A publication of the Archaeological Institute of America
Canada Finds Erebus
Victoria Strait, Canada
Rare is the archaeological discovery that gets announced by a head of government. But the discovery of a shipwreck in frigid Arctic waters got just that treatment in September from Canadian Prime Minister Stephen Harper. “I am delighted to announce that this year’s Victoria Strait Expedition has solved one of Canada’s greatest mysteries,” Harper’s statement reads, “with the discovery of one of the two ships belonging to the Franklin Expedition lost in 1846.”
Sir John Franklin commanded the two ships—HMS Erebus and Terror—that sailed from England in May 1845 to search for the Northwest Passage. The ships’ disappearance with no trace led to three decades of searches by land and sea, which themselves claimed several ships, including HMS Investigator, discovered in 2010 (“Saga of the Northwest Passage,” March/April 2012). More recently, another three decades were spent excavating sites on nearby islands and searching for the wrecks with sonar, capped by this year’s Parks Canada–led expedition.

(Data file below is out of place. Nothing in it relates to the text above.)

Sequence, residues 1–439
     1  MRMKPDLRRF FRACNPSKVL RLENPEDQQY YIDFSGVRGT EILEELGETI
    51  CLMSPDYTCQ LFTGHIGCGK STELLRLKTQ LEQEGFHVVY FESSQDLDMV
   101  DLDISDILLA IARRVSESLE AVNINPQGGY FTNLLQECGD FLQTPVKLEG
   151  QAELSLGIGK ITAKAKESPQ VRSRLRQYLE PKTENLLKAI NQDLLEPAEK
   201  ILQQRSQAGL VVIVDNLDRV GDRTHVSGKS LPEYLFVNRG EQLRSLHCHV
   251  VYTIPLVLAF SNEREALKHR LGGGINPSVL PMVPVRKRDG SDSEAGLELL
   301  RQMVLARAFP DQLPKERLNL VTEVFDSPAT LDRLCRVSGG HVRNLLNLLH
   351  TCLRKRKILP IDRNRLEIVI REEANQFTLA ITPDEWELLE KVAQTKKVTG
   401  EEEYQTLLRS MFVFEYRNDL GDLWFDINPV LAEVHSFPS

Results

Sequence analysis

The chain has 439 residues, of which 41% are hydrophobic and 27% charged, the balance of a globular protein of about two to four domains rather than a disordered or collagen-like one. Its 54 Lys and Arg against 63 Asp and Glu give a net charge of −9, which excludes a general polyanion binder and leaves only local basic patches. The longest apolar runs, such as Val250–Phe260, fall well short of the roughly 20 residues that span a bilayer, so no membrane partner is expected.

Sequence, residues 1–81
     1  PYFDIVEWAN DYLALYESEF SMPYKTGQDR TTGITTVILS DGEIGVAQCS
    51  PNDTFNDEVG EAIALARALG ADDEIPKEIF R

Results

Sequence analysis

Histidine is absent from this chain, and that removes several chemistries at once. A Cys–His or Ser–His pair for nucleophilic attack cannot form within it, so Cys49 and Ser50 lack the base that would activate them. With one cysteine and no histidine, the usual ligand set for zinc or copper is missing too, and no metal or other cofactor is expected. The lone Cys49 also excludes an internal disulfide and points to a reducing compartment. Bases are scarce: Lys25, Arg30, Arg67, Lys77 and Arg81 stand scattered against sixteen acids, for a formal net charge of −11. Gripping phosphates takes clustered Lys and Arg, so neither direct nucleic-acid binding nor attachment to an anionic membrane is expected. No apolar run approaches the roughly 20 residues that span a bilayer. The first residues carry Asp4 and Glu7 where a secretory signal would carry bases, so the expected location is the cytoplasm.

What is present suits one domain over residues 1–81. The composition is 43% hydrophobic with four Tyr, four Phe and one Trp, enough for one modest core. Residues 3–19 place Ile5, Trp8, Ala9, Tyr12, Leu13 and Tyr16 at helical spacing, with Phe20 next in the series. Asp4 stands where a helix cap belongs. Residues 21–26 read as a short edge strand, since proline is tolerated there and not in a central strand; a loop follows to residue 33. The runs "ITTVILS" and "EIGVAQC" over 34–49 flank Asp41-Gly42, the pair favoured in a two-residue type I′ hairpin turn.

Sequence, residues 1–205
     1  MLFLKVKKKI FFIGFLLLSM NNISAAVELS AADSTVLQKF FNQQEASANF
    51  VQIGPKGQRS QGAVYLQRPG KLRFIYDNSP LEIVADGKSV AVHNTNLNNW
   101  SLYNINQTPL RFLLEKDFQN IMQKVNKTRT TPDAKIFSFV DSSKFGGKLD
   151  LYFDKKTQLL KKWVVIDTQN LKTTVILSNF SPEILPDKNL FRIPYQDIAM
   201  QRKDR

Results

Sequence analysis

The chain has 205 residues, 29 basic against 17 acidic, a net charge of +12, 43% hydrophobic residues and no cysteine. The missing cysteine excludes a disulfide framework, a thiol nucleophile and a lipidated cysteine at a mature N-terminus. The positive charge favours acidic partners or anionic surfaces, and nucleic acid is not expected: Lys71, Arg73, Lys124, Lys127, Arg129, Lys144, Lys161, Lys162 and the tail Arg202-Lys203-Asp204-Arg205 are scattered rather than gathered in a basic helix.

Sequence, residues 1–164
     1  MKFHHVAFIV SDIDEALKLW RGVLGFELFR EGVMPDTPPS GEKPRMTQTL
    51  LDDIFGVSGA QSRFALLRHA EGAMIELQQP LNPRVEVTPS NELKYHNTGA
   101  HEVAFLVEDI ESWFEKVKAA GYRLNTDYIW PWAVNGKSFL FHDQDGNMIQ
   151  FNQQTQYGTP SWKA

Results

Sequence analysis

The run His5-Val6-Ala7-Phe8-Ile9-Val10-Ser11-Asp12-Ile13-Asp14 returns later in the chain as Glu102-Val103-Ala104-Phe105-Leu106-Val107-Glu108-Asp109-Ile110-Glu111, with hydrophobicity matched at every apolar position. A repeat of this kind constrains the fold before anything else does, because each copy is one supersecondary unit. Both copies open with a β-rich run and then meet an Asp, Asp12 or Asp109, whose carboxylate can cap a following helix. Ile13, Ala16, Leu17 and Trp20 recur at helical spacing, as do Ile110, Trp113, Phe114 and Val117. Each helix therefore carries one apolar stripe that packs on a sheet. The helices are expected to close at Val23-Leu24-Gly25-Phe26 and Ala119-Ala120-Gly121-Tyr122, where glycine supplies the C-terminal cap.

Three weeks after the announcement, archaeologists confirmed that the ship is Erebus, the one that had been captained by Franklin himself, and reported that it is in remarkable shape. The discovery is more than just the solution to a mystery, though: Harper connects the wreck to Canada’s claim of sovereignty over vast portions of the Arctic—and the massive oil, gas, and mineral reserves they appear to hold.
An ancient toilet seat, grave of a Viking blacksmith, enigmatic earthworks in Kazakhstan, New Zealand’s turtle canoe, Egyptian hair extensions